My portfolio at the end of March

My portfolio at the end of March

Here’s the summary of my positions at the end of March. I’ve put a lot of work into it this month, and I hope you find it useful. Since March 31st was Thursday, I’m including the 1st of April so the entire week is included.

Please note that the PE’s that I’ve given are based on adjusted earnings, usually as the company has given them, but occasionally with small modifications as I’ve calculated them.

I don’t have to tell you that we went through a major correction and are now coming out on the other side. I read that early January was the worst start of a year on record. Early February got even worse and Feb 11th was my personal bottom when I hit 80.5% of what I started the year with. I finished February at 89.2% of what I started the year with, and am now finishing March at 97.6%, while the S&P is at 101.4% and the Russell is at 98.4%. I’m up 21.2% from the Feb 11 bottom, and up 9.4% from the end of Feb report.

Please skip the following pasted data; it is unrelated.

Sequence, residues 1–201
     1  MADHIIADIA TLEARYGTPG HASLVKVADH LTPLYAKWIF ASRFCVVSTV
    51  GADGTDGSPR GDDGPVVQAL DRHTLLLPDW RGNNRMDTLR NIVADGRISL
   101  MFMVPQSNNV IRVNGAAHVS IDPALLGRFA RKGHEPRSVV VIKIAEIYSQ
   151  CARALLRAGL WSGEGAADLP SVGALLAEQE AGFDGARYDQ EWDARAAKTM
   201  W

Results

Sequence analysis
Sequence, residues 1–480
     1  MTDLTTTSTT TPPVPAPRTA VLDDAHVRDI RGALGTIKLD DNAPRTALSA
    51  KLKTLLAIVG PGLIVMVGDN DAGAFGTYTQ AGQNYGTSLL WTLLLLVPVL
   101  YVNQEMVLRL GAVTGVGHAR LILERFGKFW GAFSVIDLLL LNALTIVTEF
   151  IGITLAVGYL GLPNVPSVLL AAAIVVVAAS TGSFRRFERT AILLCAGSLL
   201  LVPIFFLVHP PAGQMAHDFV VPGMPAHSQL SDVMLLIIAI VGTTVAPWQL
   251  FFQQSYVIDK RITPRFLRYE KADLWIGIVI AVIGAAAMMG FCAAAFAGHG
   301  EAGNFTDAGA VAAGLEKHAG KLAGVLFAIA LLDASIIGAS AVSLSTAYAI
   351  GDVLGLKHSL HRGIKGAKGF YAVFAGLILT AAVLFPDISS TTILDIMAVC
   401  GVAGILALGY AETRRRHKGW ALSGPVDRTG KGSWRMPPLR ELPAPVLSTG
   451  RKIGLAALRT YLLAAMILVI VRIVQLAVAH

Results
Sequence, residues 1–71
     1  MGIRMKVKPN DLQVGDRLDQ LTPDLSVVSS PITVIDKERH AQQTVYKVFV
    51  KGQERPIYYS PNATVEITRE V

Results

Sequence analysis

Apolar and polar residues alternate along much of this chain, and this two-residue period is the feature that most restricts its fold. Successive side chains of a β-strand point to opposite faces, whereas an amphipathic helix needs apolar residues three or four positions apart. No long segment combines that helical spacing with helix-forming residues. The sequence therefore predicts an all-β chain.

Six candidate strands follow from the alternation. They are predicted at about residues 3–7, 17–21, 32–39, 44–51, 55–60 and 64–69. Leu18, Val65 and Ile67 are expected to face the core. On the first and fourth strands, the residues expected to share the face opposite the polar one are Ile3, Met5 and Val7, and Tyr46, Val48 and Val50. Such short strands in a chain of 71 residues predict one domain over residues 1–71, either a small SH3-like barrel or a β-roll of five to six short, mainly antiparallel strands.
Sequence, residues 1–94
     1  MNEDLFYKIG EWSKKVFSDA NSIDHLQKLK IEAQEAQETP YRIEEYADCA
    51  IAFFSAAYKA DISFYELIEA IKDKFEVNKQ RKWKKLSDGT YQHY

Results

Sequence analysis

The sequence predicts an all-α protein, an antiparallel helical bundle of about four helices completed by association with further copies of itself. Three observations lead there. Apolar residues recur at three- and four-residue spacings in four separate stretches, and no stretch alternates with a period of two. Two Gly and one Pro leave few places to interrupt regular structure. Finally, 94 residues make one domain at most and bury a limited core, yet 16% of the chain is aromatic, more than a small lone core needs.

In my post entitled Totally, Completely, and Absolutely Wrong, which is post #17358 on this board, I discussed how the bottom came just as everyone was totally panicked about the market, and all the Market Timers were sure we were going into a Bear Market, or The End of the World, and urging us to sell everything and go into cash or gold. I urge you to read the post if you haven’t already. (It had 65 rec’s so you may well have read it). It will give you some reassurance and context the next time we go into a market panic.…

Please also note that I don’t ordinarily measure against the S&P, or any other index, but since I started this board I post my results against it since the MF uses it as their yardstick. Several months ago I started including the Russell 2000, which is the most popular small cap index, as I thought it was unfair of me to compare my gains in 2015 against a large cap index that on average wouldn’t do as well as my small caps.

There’s a reason that I don’t measure against indexes. My goal is to make money each year that my family and I will live off. That’s what counts for me. If the S&P is down 10% it would be small comfort for me to be down 5%. I need to make money!